The trial largely went dark until Geron founder Michael West, now CEO of Alameda's BioTime Inc., inquired about picking up the work. In a creative financing deal that including forming Asterias as a subsidiary and redistributing 6.5 million shares of Asterias stock to Geron shareholders, BioTime ultimately got control of the technology.

West also is vice president of technology integration at Asterias, and roughly two-thirds of Asterias' 22 employees, including former Geron chief scientific officer Lebkowski, came from Geron.

The program received a fresh $14.3 million CIRM loan this summer.

"It feels great to have this opportunity again," Lebkowski said.

'Unexpected results'

Other CIRM-funded therapies are wending through the scientific process, but CIRM still needs a high-profile success story if it wants taxpayers to support another multibillion-dollar bond program.

As it is, the state is on the hook for the roughly $3 billion in interest payments to bond buyers unless CIRM-backed drugs get to market and pay part of that from royalties.

Bob Klein, the man behind the 2004 ballot measure that created CIRM, Proposition 71, is independently contemplating a November 2016 bond measure, said Jonathan Thomas, chairman of the agency's oversight board. Klein's decision on whether to pursue a new ballot measure will largely depend on the results of public opinion polling next year.

The last of CIRM's awards are expected to be approved in 2020. Because those likely will be multi-year awards, the last Proposition 71-related cash would be disbursed in 2023 or 2024.

CIRM is looking at a number of strategies, Thomas said. Those could include alliances between Big Pharma and CIRM grant winners as well as link-ups of disease-specific philanthropies and CIRM projects.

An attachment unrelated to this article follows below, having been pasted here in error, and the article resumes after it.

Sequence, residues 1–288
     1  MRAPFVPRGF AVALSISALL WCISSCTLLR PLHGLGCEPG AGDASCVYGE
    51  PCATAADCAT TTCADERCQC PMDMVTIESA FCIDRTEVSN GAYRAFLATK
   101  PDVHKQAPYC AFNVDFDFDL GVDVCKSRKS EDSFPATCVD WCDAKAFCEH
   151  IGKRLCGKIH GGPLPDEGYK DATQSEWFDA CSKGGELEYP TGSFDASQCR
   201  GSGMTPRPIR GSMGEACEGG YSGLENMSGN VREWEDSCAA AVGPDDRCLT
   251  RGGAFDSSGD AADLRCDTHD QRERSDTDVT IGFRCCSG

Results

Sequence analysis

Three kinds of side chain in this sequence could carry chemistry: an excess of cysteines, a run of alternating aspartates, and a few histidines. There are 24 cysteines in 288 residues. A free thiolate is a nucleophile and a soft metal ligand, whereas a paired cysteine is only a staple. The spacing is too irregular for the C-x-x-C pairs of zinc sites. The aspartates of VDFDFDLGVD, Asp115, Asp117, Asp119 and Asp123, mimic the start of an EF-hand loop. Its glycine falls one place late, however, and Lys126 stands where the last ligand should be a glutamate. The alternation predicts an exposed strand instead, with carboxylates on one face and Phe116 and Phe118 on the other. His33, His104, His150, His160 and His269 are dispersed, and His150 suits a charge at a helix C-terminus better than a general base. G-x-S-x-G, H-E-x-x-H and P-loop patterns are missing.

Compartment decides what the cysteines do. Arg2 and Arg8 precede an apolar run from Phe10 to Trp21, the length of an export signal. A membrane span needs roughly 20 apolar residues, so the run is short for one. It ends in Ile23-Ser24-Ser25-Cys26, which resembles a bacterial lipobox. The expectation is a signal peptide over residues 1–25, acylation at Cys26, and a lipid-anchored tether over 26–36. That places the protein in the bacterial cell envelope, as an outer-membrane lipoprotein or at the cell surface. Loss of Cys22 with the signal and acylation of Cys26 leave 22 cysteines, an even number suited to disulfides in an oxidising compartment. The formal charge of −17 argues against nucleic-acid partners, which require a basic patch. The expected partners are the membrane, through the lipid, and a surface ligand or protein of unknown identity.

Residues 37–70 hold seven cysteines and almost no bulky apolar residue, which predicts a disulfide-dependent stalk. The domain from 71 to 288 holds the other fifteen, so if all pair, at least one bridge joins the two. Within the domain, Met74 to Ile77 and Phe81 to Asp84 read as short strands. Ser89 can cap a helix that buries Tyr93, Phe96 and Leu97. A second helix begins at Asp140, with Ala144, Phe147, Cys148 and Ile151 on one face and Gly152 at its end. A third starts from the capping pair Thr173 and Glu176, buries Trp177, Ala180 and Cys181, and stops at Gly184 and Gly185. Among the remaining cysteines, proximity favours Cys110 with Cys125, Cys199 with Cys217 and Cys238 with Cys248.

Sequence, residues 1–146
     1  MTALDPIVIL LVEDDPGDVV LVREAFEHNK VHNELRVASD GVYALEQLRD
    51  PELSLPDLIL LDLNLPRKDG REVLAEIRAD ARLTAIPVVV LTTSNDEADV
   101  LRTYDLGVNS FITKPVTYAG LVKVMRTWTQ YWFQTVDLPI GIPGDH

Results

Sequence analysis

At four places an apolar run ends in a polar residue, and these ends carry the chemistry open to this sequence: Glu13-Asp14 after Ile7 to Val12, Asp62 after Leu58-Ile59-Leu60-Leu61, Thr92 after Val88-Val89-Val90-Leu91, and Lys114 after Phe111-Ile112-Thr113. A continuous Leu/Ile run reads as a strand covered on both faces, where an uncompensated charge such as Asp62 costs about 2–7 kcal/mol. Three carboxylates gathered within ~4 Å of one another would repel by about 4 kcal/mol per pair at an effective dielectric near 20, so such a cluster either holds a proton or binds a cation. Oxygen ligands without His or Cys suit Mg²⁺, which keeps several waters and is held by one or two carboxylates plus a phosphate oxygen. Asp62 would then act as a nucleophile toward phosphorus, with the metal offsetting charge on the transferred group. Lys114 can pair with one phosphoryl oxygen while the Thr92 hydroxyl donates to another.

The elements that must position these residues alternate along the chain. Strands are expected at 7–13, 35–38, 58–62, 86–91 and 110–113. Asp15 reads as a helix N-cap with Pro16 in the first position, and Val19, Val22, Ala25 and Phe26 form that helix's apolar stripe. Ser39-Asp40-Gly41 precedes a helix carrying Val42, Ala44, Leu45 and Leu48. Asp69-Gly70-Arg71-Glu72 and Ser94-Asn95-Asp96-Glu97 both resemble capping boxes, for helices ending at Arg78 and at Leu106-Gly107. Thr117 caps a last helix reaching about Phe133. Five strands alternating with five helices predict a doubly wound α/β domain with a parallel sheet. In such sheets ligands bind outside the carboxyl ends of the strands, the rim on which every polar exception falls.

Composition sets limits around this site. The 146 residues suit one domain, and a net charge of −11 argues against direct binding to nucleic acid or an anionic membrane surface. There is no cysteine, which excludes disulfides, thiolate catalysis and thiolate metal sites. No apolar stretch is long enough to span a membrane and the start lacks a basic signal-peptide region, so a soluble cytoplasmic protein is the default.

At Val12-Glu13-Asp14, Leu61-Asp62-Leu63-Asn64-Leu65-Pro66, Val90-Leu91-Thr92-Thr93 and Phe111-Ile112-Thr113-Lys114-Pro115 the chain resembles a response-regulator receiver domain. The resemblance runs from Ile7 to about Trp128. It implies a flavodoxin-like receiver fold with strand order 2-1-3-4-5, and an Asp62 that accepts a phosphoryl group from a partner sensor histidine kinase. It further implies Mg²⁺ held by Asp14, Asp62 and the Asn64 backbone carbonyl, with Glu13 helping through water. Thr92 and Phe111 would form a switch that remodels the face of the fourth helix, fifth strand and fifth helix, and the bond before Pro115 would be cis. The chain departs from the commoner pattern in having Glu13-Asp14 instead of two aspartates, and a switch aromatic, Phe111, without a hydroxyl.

But if CIRM leaders want to win over the public for another multibillion-dollar round of funding, they must explain the agency's role in a complex clinical trial process that offers chances to fail at every twist and turn. Only 64 percent of therapies in the first phase of clinical development make it to Phase II, according to one study. Less than one-third of therapies rise from Phase II to Phase III, and 60 percent of those go from Phase III to a new drug application with the FDA.

Even then, the study funded by Sagient Research Systems and the Biotechnology Industry Organization found, the FDA rejects 17 percent of new drug applications.

Given that the scientific understanding around how to control and track stem cells is evolving and that researchers don't have a deeply documented safety record in humans, FDA approvals will likely be lower for stem cell therapeutics, said UCSF's Kriegstein.

"In many, many ways it's underappreciated how CIRM has leveraged (its money). It's led to unexpected results that improve our understanding of stem cells," Kriegstein said.

Translating that understanding into cutting-edge cures, however, carries greater risks, he said.

"Even in pharma, with all the experience and depth, the likelihood of success is relatively small," Kriegstein said. "The stem cell pathway is less certain. There's bound to be more risk."

Ron covers biotech, higher education & sports business.